Knowing that transporting biocrude to a treatment facility could be costly, modelers are looking at areas where rural and urban waste could be gathered from various sources in local hubs. For example, they are assessing the resources available within a 50-mile radius of Detroit, Mich. There, the sources of potential biocrude feedstock could include food waste, sewage sludge and cooking oil waste. In areas where food waste could be collected and diverted from landfills, much as recycling is currently collected, a processing plant could be up to 10 times larger than in rural areas and provide significant progress toward cost and emission-reduction targets for biofuels.
Milestones such as hours of continuous operation are being closely watched by investor groups in the U.S. and Europe, which has set aggressive goals, including being the first climate-neutral continent by 2050 and achieving a 55% reduction in greenhouse gas emissions by 2030.
A number of demonstration projects across Europe aim to commercialize this process in the next few years.—John Holladay
The next steps for the research team include gathering more sources of biocrude from various waste streams and analyzing the biofuel output for quality. In a new collaboration, PNNL will partner with a commercial waste management company to evaluate waste from many sources. Ultimately, the project will result in a database of findings from various manures and sludges, which could help decide how facilities can scale up economically.
Since at least three-quarters of the input and output of this process consists of water, the ultimate success of any industrial scale-up will need to include a plan for dealing with wastewater.—Michael Thorson
This too is an active area of research, with many viable options available in many locations for wastewater treatment facilities.
That goes nicely with the Libertine piston!
Posted by: Davemart | 26 March 2021 at 06:17 AM
Carbon feedstock is carbon feedstock no matter if it's from sewage, spoiled food or crude. the common denominator is fossil fuel burned in ICEs creating pollution, period. Reducing pollution is the reason we want to quit producing carbon fuels, from all sources.
Posted by: Lad | 26 March 2021 at 05:18 PM
But you don't have to burn the carbon feedstock for it to turn to in to CO2 or methane - microbes and other natural processes will do that anyways so until we eliminate ICE engines it's better to use carbon that is already in the carbon cycle than to bring up more sequestered carbon.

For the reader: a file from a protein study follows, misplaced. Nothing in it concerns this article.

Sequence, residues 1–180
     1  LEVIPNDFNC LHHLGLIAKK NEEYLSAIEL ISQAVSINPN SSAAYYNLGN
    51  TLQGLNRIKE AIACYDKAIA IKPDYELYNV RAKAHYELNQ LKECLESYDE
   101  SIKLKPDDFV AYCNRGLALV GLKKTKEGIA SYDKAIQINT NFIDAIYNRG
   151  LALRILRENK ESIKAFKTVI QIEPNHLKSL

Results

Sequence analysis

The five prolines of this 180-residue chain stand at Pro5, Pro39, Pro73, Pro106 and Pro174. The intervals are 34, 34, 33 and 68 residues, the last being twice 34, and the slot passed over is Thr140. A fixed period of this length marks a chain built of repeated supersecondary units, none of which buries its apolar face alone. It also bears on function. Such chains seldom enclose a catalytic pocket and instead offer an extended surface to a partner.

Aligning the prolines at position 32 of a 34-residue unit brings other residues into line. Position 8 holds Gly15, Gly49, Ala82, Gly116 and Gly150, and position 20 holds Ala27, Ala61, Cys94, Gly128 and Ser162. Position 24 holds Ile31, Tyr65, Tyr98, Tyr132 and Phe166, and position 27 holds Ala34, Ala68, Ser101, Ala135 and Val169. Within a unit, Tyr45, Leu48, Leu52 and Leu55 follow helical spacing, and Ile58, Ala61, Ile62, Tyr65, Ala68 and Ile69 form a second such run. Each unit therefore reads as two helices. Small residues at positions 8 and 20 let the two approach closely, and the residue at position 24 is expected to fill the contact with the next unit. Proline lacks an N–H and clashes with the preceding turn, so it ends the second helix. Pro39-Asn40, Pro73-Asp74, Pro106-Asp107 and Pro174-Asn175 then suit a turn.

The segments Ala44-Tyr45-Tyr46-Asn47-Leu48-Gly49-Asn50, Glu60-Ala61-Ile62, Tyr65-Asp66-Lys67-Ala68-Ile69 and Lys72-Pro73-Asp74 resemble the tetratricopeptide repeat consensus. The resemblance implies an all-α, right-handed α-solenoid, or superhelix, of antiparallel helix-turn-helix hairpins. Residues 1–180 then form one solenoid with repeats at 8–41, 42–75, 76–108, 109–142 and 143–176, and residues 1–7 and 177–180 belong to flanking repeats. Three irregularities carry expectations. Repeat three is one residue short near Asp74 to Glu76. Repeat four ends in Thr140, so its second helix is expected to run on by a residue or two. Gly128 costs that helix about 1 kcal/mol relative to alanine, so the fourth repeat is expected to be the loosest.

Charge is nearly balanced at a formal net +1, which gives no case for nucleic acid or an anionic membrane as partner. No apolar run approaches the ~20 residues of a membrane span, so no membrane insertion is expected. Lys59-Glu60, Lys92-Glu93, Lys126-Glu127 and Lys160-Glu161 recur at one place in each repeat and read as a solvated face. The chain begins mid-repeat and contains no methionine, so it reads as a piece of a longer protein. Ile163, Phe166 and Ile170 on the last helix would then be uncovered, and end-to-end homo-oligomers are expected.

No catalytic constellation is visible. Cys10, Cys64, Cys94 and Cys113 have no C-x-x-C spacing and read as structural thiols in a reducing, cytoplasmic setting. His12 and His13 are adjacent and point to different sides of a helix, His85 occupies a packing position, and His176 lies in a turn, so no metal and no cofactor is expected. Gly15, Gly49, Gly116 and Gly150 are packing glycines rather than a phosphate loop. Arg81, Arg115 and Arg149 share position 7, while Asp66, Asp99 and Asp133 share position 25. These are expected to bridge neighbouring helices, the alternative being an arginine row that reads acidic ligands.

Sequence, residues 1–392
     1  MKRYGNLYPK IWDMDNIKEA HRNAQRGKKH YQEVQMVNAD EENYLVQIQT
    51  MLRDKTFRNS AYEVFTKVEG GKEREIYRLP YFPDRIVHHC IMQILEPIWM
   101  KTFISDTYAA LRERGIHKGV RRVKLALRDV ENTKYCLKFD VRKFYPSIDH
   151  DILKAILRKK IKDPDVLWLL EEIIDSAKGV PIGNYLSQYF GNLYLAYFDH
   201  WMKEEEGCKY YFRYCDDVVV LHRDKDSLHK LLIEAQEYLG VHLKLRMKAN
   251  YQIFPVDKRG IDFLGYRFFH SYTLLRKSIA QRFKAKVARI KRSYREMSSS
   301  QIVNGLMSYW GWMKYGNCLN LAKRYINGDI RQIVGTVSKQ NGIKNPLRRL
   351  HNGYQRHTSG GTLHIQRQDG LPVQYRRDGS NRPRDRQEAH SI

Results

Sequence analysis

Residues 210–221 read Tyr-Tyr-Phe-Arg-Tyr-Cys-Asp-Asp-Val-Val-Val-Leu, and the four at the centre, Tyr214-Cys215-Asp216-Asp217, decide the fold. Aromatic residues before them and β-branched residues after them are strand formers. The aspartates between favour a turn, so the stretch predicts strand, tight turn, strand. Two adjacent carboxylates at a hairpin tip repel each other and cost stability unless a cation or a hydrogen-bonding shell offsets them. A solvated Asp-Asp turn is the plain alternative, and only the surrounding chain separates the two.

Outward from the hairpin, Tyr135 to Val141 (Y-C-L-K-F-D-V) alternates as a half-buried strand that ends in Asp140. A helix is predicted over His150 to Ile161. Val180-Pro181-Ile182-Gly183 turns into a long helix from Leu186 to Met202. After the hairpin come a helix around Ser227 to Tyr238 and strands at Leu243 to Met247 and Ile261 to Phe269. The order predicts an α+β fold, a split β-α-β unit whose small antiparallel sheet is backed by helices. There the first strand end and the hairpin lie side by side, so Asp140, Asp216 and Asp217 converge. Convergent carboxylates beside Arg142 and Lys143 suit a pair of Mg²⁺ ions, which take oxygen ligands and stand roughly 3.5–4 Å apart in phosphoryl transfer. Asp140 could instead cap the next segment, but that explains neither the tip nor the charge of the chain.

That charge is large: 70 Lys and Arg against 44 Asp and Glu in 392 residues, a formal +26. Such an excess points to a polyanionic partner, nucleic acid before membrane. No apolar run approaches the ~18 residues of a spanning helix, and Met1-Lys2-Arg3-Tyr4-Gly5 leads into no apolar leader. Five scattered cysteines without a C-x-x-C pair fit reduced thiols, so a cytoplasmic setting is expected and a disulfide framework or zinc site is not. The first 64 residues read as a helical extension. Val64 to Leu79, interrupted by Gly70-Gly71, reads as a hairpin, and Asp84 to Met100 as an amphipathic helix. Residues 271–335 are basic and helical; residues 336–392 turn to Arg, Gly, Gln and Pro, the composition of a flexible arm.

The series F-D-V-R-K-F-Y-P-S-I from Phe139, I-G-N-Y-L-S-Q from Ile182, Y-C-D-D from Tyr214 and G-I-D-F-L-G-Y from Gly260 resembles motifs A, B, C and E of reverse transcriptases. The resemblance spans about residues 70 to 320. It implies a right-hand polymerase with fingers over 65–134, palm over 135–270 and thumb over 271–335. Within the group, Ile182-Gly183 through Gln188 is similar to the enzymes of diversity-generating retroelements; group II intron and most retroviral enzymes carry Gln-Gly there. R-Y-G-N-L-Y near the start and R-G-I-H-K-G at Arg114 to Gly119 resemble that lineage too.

Posted by: William Stockwell | 27 March 2021 at 02:22 PM
over the time frame of concern for global warming, 50, 100, 150 years ANY carbon that is not fixed in the soil will evolve into the atmosphere.
So sludge, food waste, farm waste etc.... will not all remain fixed in the soil.
It will degrade, mineralize and RELEASE CO2.
IF ( big if ) these biofuel processes supplant carbon based oil which is removed ( fixed already ) from buried fossil fuel deposits then it is a win.
These biofuel precursors would otherwise degrade over the timeframe of concern, releasing CO2.
Yes replace electrical grid energy sources with non polluting tech.
Yes replace industrial processes with net zero tech. ( Steel, fertilizer ).
Yes replace ICE transport with electrical tech.
Start with tech that gives the biggest bang ( err.. you know what I mean )
Posted by: ron ingman | 28 March 2021 at 07:39 PM
2:57 PM (8 minutes ago)
Yes I know we need more plastic like ... But bio fuel is quite capable of further processing to many different chemicals such as plastics. Plastics are an integral part of life today and there are rumblings about bio degradable and other value added reprocessing solutions towards eliminating waste pollution. All that has to happen.
The point of seeing the 'precursor waste streams diverted is entirely valid for while there are as the author points out costs and energy inputs, they should and can be a viable alternative to decomposition release of CO2 or N3 to the atmosphere or burning for power as happens in more than a few first world cities let alone unplanned fires in municipal dumps.
If every fossil hydro carbon or coal extraction ceased tomorrow we would still need / desire the lubricants and many other items with carbon chain chemistry.
Posted by: Arnold Garnsey | 29 March 2021 at 09:06 PM